NV Energy signals opposition to deregulation ballot question, as regulators prep for first major study of the Energy Choice Initiative
Without stating it outright, NV Energy has taken its most adversarial stance yet against a proposed ballot initiative that would entirely reshape
The utility submitted some of its most strident criticism to date of the Energy Choice Initiative as part of a 256-page filing it submitted to the state's
In the filing, NV Energy - which has thus far maintained neutrality on the ballot question - estimated that the change to a retail energy market would cost between
"Nevadans thus face a critical choice to abandon the system that has provided a reliable and low-cost service that is essential to the health, safety and welfare of Nevadans, or undertake an undefined and risky experiment with a key input to the State's economy," the utility wrote. "There is a better way to advance the State's goal of providing low-cost electricity and adding renewable energy."
In an email, Energy Choice Initiative advisor and former Federal Energy Regulatory Commission chairman
"It was shocking to see NV Energy use a Commission proceeding to campaign against a ballot question ratified already once by an overwhelming majority of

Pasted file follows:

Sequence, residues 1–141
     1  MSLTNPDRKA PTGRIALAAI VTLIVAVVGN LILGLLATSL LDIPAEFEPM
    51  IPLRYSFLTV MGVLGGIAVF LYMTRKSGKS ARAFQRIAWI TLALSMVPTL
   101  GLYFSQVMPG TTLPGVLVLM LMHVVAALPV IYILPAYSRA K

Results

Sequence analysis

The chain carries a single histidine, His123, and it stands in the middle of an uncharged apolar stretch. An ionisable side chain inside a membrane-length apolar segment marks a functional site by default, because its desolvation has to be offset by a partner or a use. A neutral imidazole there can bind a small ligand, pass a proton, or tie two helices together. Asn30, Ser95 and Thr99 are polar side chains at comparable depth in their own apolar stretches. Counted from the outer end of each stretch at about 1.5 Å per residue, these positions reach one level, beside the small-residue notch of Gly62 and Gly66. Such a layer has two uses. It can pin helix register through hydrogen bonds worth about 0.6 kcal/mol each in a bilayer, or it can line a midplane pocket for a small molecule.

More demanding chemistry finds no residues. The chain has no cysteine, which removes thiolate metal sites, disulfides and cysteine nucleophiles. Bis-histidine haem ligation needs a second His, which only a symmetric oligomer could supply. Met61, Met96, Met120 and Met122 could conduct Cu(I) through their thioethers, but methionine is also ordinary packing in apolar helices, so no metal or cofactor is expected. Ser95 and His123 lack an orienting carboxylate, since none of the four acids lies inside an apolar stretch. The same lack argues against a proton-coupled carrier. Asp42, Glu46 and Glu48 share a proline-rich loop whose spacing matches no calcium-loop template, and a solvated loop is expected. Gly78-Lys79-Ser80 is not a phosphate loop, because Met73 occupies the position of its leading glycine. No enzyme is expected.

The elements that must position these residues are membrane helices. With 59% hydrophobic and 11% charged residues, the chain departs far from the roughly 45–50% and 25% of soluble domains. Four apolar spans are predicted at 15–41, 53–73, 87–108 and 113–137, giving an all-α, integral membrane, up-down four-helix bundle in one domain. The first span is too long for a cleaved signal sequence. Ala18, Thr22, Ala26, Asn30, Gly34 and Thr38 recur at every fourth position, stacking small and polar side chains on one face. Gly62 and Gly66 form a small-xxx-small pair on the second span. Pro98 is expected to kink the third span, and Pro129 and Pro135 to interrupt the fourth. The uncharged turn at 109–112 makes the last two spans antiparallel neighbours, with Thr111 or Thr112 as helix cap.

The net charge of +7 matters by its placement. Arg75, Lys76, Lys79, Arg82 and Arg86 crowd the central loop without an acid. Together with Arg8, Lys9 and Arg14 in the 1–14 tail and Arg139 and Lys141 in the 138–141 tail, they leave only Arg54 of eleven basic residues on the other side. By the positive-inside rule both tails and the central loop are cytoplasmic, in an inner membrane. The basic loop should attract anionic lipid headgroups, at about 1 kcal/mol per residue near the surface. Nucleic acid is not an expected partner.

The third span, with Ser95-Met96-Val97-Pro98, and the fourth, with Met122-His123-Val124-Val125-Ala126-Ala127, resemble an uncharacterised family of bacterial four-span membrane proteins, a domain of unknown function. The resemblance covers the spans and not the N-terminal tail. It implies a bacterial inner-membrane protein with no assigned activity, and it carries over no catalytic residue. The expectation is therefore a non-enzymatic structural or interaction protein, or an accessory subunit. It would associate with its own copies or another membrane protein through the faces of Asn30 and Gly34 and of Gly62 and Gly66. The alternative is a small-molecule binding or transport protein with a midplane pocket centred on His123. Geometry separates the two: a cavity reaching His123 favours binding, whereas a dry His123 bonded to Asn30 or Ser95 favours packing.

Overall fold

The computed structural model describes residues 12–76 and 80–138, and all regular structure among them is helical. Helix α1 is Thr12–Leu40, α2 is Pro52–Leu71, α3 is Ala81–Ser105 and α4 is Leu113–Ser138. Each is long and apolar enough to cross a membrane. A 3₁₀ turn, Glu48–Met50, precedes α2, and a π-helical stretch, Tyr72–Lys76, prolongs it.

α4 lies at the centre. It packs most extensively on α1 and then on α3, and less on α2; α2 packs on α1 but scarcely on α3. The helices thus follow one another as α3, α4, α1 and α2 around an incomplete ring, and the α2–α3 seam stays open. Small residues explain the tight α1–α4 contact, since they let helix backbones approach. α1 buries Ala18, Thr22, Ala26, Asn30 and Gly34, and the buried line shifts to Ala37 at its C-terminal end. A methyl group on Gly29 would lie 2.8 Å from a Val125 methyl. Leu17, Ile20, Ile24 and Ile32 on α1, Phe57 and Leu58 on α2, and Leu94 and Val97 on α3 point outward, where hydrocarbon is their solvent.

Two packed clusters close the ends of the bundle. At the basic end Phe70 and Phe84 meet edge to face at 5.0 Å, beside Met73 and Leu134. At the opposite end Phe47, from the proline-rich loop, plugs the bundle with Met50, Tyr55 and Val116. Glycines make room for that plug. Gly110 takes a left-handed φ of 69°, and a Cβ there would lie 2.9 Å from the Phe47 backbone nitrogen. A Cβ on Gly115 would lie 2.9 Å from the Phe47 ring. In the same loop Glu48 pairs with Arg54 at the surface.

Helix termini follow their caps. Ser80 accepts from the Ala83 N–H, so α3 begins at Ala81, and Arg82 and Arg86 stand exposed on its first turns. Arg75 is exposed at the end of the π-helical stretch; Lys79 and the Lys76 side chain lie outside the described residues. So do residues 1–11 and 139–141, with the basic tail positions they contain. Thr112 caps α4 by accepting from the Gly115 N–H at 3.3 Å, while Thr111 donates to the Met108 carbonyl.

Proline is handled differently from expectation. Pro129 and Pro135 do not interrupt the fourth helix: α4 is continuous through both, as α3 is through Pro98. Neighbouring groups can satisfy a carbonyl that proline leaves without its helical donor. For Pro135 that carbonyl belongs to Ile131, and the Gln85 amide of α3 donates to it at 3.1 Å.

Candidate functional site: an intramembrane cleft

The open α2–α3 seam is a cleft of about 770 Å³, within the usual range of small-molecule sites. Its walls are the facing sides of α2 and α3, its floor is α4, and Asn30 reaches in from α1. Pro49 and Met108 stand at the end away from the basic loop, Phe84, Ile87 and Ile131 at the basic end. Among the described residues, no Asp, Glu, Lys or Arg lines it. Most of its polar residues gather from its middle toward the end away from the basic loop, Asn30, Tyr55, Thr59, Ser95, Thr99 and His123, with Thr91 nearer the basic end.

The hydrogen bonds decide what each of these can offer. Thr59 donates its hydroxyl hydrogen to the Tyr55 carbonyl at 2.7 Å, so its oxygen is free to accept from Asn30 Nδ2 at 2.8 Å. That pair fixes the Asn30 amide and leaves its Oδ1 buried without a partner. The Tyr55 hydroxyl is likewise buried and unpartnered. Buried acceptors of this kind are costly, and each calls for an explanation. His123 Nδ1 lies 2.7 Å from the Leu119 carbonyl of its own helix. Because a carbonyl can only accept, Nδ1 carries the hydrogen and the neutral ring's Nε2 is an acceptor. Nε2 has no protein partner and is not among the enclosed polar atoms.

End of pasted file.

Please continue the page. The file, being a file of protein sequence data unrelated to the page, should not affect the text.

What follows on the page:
The utility's filing wasn't the only comment submitted to the PUC. At least 40 filings, from major businesses, small counties and major
The ballot question - which passed on a 72-28 percent margin in 2016 and is backed by a who's who of
Outside of NV Energy, opposition in the filings came from an eclectic group of sources, from tiny
Friday marked the first deadline for the PUC's docket - replies to written comments are due on
The commission's final report, expected to be published sometime next year, is widely considered to be one of the most important initial steps in preparing for a possible retail energy choice future - it will likely play a major role in determining the recommendations made by the Governor's
Here's an initial look at what the Commission will be analyzing, discussing and weighing over the next month:
The utility's lengthy filing with the PUC attempts to accomplish two goals - to promote NV Energy's current activities and future goals, and contrast them with what it calls "experimental, unregulated retail markets - but without a road map."